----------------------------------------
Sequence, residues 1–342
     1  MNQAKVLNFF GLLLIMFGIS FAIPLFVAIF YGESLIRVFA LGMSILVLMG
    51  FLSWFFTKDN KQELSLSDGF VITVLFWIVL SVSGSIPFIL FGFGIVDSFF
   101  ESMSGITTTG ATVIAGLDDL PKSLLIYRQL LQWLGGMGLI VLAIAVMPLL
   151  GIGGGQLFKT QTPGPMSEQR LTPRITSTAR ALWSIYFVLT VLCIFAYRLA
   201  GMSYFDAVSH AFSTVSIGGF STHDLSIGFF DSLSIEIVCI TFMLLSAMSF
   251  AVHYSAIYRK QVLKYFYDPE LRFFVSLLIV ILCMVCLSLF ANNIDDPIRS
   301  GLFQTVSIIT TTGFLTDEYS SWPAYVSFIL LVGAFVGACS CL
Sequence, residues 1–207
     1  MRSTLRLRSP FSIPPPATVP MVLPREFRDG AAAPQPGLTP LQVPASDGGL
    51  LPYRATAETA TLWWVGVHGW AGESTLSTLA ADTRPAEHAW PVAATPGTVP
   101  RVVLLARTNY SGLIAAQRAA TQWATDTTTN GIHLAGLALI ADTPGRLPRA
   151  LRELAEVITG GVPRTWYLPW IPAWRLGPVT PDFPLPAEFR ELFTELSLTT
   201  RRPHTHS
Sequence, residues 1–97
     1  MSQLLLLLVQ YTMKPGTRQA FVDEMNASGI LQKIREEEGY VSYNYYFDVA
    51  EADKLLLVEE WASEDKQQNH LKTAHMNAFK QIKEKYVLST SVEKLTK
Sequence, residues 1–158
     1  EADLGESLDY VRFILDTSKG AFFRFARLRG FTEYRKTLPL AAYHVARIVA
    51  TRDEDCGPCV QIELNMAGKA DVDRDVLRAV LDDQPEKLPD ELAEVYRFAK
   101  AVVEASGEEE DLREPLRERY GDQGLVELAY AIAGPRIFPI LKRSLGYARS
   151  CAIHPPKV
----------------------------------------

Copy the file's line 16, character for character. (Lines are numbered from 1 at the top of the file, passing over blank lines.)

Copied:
     1  MSQLLLLLVQ YTMKPGTRQA FVDEMNASGI LQKIREEEGY VSYNYYFDVA